After you read: Practice deep breaths — but don’t wait until you are experiencing a bad day. Practice Little Monkey’s techniques or come up with your own. Have your child pick a song that makes them feel calm.

Amy Healton is a mom of two and an early learning and development expert at Early Learning Indiana. This is her pick:

My No No No Day

Rebecca Patterson, author and illustrator
Best for:
Two-year-olds, three-year-olds, four-year-olds

From the moment Bella wakes up, her day goes wrong. She hates her breakfast egg, she won’t share, she has a hurting foot, her supper is too hot, and her bath is too cold. And then it’s no, no, no to bedtime.

“Sophie is having a bad day and feels angry about all aspects. Her mother helps her calm down and lets her know that bad days are okay. This story uses easy-to-connect-to examples, from spilled peas to itchy clothes, alongside engaging pictures to delight and connect with readers.”

After you read: Make a list of things that make your day yes, yes, yes. The company of a favorite teddy bear, looking out the kitchen window, a favorite book, or a warm hug. Now write down or draw your list together and keep it handy for when you are having a no, no, no day.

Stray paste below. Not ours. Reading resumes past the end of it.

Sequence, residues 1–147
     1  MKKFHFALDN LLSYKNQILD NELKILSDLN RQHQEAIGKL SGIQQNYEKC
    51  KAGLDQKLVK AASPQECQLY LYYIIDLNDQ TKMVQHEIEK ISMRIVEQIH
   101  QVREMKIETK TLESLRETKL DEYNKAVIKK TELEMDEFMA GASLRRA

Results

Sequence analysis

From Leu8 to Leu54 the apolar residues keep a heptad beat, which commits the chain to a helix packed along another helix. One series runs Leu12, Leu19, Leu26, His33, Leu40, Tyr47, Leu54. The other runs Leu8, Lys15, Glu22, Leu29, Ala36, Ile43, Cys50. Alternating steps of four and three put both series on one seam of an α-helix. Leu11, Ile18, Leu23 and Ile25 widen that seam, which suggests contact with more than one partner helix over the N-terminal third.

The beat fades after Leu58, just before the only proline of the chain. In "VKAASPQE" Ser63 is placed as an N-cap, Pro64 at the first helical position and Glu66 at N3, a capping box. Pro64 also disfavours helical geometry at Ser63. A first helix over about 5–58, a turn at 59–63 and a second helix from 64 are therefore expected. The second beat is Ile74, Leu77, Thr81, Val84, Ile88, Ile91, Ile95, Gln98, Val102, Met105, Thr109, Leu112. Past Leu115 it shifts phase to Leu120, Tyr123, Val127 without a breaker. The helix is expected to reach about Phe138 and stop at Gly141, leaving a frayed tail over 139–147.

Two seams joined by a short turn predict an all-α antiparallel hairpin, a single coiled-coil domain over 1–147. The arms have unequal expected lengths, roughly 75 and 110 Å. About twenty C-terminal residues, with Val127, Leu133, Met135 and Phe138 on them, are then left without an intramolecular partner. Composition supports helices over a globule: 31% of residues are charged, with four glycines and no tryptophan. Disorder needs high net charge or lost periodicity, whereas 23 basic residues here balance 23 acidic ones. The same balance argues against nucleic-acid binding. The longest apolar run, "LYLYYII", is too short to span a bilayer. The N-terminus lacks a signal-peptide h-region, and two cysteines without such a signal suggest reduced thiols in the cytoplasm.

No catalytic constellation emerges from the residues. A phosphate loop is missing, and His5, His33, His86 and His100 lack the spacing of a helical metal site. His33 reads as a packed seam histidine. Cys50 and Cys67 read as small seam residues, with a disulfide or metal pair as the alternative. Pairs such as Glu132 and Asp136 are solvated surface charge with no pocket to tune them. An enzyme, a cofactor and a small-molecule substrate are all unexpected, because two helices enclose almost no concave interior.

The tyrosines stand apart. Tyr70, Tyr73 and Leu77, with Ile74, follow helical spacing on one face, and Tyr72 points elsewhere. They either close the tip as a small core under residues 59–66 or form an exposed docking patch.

Brittany Fortman is a mom of two little ones under four and the manager of communications and engagement at Early Learning Indiana. These are her picks:

The Most Magnificent Thing

Ashley Spires, author and illustrator
Best for:
Three-year-olds, four-year-olds, five-year-olds

The girl has a wonderful idea. “She is going to make the most MAGNIFICENT thing! She knows just how it will look and how it will work. All she has to do is make it, and she makes things all the time. Easy-peasy!” But making her magnificent thing is anything but easy, and the girl tries and fails, repeatedly. Eventually, the girl gets really, really mad. She is so mad, in fact, that she quits.

“With help from her trusty assistant — her dog who suggests a walk — she is able to calm down and try again. The book is great at teaching kids not to give up and how to deal with frustration and those ‘I can’t do it’ moments”